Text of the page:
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Jalopnik: ValleyWag: FT: Tesla to raise $250m for electric cars (Whitestar)

Discussion in 'News' started by stopcrazypp, Feb 18, 2008.

  1. stopcrazypp

    stopcrazypp Well-Known Member

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    #1 stopcrazypp, Feb 18, 2008
    Last edited: Feb 18, 2008
    Jalopnik:
    Alternative Energy: Tesla Seeking Hot $250 Million Cash Injection For Whitestar Sedan
    Via ValleyWag:
    Ipo: Tesla Motors wants another $250 million
    Via FT.com:
    FT.com / Companies / US & Canada - Tesla to raise $250m for electric cars


    ValleyWag summary:
    "Tesla Motors, which finally shipped its first electric car earlier this month, hopes to raise $250 million in equity and debt to fund its mass production push, over the next two years. Chairman Elon Musk wants to conduct an IPO in New York or London, raise money privately and apply for a loan guarantee from the Department of Energy to build a U.S. production plant for Tesla's forthcoming electric sports sedan. Tesla has raised $145 million in venture capital, including a $40 million round that closed last week. Elon, don't spend it all in one place."

    Jalopnik:
    "Hmm, we guess the rumors of the Whitestar's demise were slightly overstated. Nope, it's only dead if they can't get themselves the money necessary to build it."

    Confirmation Whitestar factory is about to be built since they are gathering the funding. However, as you can see the blog sites are taking this as a chance once again to put forth the Tesla = vaporware idea. But overall still good news for the Whitestar development.

    Edit:
    Autobloggreen:
    More on Tesla financing and production plans - AutoblogGreen

    Siry commented that they were considering a partnership but it didn't make sense in the end, so the Whitestar will be developed independently. They'll revisit the idea for the third car.

    "Why so much money? Tesla had been considering entering into a partnership with another company for the production of WhiteStar. According to Tesla's Darryl Siry, "we looked very hard at a partnership with an OEM but it didn't make sense at the end of the day." The complexities of such a partnership would slow down the project and Tesla wants to keep control of more of their intellectual property. Once WhiteStar is underway, Tesla will be revisiting the idea of a partnership of some kind to produce a third, higher-volume model. That lower-cost car is targeted to sell at the rate of up to 100,000 annually. "
     
  2. malcolm

    malcolm Active Member

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    I'm really relieved to hear this.

    Still a very tough challenge, but Tesla gets to develop components for their own products rather than tweaking them for a partner's products and having to share IP.

    Just as the Roadster punches above its weight in terms of media and industry impact, Whitestar needs to do the same.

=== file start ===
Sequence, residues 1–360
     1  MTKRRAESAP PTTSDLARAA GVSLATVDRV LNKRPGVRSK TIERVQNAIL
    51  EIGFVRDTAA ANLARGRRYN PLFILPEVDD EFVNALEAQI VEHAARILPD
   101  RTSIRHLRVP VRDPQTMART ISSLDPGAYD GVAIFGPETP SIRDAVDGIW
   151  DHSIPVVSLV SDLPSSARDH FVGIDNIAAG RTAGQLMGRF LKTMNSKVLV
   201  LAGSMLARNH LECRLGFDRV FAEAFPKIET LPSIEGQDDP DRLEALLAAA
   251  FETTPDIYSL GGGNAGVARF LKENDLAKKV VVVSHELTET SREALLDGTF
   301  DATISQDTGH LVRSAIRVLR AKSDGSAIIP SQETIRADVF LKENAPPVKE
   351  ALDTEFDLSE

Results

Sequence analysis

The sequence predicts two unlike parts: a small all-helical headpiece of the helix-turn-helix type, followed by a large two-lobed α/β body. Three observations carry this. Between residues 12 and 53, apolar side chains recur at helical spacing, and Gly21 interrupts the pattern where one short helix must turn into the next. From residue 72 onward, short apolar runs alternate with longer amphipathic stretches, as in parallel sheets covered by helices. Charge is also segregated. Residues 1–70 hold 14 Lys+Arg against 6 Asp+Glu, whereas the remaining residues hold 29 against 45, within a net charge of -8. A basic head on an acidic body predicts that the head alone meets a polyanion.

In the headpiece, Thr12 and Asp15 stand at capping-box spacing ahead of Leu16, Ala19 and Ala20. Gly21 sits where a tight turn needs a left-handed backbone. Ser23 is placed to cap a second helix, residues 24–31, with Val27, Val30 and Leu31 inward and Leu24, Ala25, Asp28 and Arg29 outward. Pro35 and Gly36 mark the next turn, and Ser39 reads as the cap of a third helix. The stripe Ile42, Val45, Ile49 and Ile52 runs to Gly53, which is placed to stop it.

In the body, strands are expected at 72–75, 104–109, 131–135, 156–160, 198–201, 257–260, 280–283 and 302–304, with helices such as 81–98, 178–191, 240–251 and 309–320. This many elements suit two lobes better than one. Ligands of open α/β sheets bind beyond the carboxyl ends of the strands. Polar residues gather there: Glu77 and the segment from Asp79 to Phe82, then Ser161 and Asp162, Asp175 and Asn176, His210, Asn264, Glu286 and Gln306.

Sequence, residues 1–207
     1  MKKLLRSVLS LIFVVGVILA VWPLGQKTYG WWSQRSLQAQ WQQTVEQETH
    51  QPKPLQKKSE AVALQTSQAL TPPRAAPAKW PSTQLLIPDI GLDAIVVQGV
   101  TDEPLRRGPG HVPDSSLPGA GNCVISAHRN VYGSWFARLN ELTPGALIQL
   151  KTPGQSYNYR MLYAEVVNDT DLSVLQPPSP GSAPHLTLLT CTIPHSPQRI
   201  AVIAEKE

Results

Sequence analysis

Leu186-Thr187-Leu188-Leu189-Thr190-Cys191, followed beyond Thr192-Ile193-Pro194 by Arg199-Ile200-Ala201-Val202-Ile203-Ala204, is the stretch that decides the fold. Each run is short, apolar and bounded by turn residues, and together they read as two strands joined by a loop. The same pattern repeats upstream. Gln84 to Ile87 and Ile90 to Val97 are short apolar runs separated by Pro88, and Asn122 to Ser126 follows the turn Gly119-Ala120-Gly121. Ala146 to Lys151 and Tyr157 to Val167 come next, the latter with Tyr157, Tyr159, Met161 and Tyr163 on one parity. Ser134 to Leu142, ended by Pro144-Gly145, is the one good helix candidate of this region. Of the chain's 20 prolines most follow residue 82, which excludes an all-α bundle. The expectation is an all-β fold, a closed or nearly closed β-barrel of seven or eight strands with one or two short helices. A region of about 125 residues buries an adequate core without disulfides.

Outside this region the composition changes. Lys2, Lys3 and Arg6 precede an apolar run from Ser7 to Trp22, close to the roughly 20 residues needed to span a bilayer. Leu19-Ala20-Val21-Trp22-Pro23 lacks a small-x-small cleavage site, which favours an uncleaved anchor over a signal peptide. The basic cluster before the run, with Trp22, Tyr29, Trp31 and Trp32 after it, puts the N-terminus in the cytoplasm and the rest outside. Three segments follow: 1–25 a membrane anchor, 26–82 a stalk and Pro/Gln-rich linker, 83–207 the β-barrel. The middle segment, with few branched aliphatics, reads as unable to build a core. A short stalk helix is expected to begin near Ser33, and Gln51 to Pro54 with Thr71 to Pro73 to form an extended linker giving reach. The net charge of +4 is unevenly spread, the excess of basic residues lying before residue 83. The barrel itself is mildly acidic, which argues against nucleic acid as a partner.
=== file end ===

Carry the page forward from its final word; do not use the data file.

3. DDB

    DDB Member

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    Tony, I saw your comment or rather question on ABG, which was something like $250 m seemed like a small amount of capital when comparing a bigger producer like GM who would regular spend $1 b in bringing a new vehicle into production.

    I couldn't agree more. But I do think it's a blind leap of faith for VCs or public investors to dump money into a company that has no record of being profitable. I hope they take the Whitestar design and basically license it out to other manufacturers (or partner with them) for a low cost version that the masses can truly afford.
     
  4. Iz

    Iz EVs are here to stay

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    Another potential positive move for Tesla. Lots of skeptics out there however. Many will find something else to complain about when p2..p100 are produced and shipped.

    How can Tesla go about getting parts from suppliers at the same cost as a GM or Ford?

    Are the incremental costs of these parts substantial?
     
  5. Kardax

    Kardax Member

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    If Tesla is still planning to build a PHEV version of WhiteStar, they'll have no choice but to at least get some kind of supplier relationship with another company for the gas engine. There's over 100 years of technological developments and patents on ICE technology that Tesla would not be able to resolve in a reasonable amount of time.

    -Ryan
     
  6. siry

    siry Member

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    Kardax - we would of course source the ICE from an established manufacturer. There are several companies that sell engines to other companies in today's marketplace, so that wouldn't be a problem.
     
  7. Kardax

    Kardax Member

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    Oh, of course. The wording of the article makes it sound like such a business relationship wouldn't be happening. In my opinion, the ICE is the most important non-Tesla part of the PHEV WhiteStar, something a supplier would want to call themselves a "partner" about...

    -Ryan
     
  8. donauker

    donauker Member

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    I don't really see why using a particular manufacturers product would warrant classifying them as a partner. Is Toyota considered a partner of Lotus?
     

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